What is a Concussion?

According to the most recent Zurich consensus statement, a concussion, or mild traumatic brain injury (mTBI) as it is sometimes called, is a complex process affecting the brain induced by biomechanical forces. The forces that they are referring to are acceleration or impulse forces delivered to the brain. Concussions cause a temporary dysfunction in the involved nerves, where they don’t work properly for a period of time and may cause any one, or more, of the following signs or symptoms:

  • Headache
  • Pressure in the head
  • Neck pain
  • Nausea or vomiting
  • Dizziness
  • Blurred vision
  • Balance problems
  • Sensitivity to light
  • Sensitivity to noise
  • Feeling slowed down
  • Feeling of “fogginess”
  • Not feeling right or feeling off
  • Difficulty concentrating
  • Difficulty remembering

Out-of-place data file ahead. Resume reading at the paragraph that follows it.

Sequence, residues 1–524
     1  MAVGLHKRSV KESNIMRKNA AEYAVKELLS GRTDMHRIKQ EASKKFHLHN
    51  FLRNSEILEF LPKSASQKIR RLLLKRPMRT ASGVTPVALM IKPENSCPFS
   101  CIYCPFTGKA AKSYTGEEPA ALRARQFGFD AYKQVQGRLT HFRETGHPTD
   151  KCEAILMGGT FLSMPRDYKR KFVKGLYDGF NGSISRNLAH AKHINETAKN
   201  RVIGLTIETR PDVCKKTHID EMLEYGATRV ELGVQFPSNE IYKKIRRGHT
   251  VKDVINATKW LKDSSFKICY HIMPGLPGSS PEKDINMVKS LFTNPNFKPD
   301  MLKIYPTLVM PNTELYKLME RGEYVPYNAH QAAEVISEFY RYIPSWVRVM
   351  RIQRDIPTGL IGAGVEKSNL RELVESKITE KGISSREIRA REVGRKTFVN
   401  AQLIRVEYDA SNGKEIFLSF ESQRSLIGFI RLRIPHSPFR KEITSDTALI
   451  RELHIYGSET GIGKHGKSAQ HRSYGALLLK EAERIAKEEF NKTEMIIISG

• Fatigue or low energy
  • Confusion
  • Drowsiness
  • Trouble falling asleep
  • More emotional
  • Irritability
  • Sadness
  • Nervous or anxious
If you, or your child is experiencing ANY of these symptoms following a significant hit or blow to the head or body, you should have a high suspicion of a concussion injury and seek medical attention immediately.

Generally, under proper management, most athletes recover completely from their concussions.  However, if not managed properly, and the athlete is allowed to return-to-play too early, they are at risk of a severe, potentially permanent, or even fatal brain injury, should they sustain another concussion while in the 'dysfunctional' phase (where the brain is still healing).